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  13. clg114

    clg114 Still crazy, after all these years. Staff Member V.I.P Member

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    I take my shoes off of my old, tired feet. Sit down in my recliner and recline it all the way back. Some times I fall asleep until my wife wakes me up to go to bed. Welcome to Autism Forums!
     
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  14. Jumpback

    Jumpback Well-Known Member

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    As I mentioned on another thread, alcohol is evil because it is legal and it works

    But another thing that works for me is to lie down and watch movies. I use an iPad and lean it against couch and wall or use the case, but you can put these things all over, or even use your phone..the screen doesn’t need to be that big if it’s close.

    If you only drink in the evenings, you can try just having one or two drinks and just doing anything that you damn well want after the kids go to bed to relax and decompress
     
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  15. Kriss

    Kriss Active Member

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    I did many times. Can go clean for a few days, a week or two, but the stress just builds up and at some point it is just not worth it, so I just stop tormenting me and go easy. So the million dollar question is - what other decompression ideas are there? because just doing nothing is not really an option. I can do a few days sober, but the stress just builds up. It's my Aspie brain taking in too much sensory information, and my Aspie kid doing constant temper tantrums, so in the evening, I just want to be left alone and some way to let the pressure out of my mind. So far the best idea has been a strong herbal tea, but it's not good enough :(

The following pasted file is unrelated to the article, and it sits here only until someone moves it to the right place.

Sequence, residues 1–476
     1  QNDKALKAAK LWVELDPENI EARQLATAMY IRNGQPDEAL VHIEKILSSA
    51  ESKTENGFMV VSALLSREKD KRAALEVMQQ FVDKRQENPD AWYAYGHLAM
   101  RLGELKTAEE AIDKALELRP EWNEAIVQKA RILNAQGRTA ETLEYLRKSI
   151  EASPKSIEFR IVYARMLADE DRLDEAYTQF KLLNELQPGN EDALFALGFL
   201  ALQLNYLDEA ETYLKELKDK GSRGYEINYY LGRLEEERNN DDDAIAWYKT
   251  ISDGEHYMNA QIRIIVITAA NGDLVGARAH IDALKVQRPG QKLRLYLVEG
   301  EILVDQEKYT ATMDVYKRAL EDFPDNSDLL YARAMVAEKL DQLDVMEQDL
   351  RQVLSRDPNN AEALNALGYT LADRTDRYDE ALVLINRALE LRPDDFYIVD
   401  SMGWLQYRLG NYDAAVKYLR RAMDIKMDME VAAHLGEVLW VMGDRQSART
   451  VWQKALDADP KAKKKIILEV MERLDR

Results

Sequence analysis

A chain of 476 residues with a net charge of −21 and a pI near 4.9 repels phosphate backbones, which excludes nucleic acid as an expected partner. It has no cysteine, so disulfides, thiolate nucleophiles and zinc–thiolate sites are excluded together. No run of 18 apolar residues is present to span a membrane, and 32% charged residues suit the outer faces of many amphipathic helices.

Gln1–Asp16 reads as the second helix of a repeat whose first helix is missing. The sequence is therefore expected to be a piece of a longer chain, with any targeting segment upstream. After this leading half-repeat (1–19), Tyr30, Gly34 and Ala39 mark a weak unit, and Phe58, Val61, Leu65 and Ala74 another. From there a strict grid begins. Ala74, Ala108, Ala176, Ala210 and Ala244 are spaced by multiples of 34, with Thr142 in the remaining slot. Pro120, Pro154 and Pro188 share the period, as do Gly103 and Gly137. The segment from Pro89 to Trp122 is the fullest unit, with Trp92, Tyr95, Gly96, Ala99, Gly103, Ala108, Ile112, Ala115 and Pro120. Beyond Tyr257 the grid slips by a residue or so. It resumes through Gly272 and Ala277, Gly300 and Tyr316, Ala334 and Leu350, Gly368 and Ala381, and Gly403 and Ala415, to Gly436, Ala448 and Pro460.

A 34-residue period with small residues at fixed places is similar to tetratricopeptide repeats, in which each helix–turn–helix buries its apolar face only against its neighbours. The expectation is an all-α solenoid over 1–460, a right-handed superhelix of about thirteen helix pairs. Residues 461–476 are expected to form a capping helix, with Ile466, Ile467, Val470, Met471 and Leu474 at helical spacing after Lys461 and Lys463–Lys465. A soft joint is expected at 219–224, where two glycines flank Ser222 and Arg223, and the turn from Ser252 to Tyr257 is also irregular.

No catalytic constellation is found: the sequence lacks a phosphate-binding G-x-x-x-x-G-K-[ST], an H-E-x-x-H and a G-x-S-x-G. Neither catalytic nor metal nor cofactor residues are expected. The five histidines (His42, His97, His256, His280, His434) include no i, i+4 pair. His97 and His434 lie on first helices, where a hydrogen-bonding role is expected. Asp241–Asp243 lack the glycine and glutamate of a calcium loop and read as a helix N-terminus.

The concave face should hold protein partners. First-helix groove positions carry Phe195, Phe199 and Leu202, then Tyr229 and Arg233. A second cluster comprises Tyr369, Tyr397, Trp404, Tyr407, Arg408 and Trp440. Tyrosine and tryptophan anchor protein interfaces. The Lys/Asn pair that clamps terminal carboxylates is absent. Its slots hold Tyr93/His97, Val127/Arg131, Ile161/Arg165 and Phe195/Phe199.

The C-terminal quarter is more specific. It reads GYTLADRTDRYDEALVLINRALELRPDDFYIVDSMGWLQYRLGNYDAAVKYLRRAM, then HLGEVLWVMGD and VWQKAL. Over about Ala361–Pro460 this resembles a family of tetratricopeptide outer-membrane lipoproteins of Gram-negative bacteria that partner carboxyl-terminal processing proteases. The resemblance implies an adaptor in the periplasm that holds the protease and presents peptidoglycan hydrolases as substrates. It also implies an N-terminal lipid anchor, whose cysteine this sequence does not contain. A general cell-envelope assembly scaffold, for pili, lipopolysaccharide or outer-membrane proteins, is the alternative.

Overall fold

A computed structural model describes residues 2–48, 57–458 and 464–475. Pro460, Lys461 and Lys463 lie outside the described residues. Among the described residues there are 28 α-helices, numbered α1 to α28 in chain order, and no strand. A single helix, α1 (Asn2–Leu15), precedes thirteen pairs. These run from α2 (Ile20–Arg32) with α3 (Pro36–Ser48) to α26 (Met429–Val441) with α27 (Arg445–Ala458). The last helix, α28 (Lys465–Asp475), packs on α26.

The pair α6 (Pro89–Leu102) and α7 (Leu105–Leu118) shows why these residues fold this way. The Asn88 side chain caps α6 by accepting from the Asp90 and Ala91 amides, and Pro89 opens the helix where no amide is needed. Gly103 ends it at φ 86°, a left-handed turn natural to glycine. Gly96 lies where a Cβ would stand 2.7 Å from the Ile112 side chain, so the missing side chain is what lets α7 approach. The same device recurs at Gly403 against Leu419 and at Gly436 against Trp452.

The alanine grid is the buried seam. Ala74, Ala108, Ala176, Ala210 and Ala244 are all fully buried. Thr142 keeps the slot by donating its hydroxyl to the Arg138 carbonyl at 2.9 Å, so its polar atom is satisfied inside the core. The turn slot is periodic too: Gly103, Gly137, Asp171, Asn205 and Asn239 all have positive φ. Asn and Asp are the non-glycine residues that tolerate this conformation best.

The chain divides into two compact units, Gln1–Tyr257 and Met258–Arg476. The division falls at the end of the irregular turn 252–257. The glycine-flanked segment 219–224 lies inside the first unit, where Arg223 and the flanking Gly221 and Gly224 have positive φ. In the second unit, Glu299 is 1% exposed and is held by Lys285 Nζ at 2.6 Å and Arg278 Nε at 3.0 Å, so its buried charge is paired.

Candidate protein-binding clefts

16. Kriss

    Kriss Active Member

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    I rented a room in co-working space to use as private office, helps keep me sane during the week whilst I do expert/consulting projects.
     
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  17. Kriss

    Kriss Active Member

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    Reading your reply, it made me think of this book I found useful recently "Make Time" by Jake Knapp. Some good ideas along your lines. But my issue is different. Basically I spend all day pretending to be a normal, it takes a lot of energy, so in the evening I just want to let it go. And soaking my brain in alcohol is the only simple and efficient way I have found. But I'm looking for other ideas from people who have the same issue - tense brain at the end of the day, that needs some release.
     
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  18. Aspychata

    Aspychata Serenity waves, beachy vibes

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    Jacuzzi, heating pads. Massages, stone massages are really nice.

    I haven't tried a isolation tank , or a salt room.

    Warm baths really help!

    When l worked in law offices, a glass of wine was my end of day reward. Because days were long.
     
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  19. Kriss

    Kriss Active Member

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    My sleep is typically good, and I almost never have dreams, so the issue are those few hours between kids in bed and me in bed. Melatonin just works on sleep, not evening tense brain, as far as I understand.
     
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  20. Kriss

    Kriss Active Member

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    Getting some peace is good, but not a reboot I'm seeking. I guess I seek something that would flush my brain, to take off the edge from day's stresses, so I can evening chill a bit, whilst the brain is at peace as well.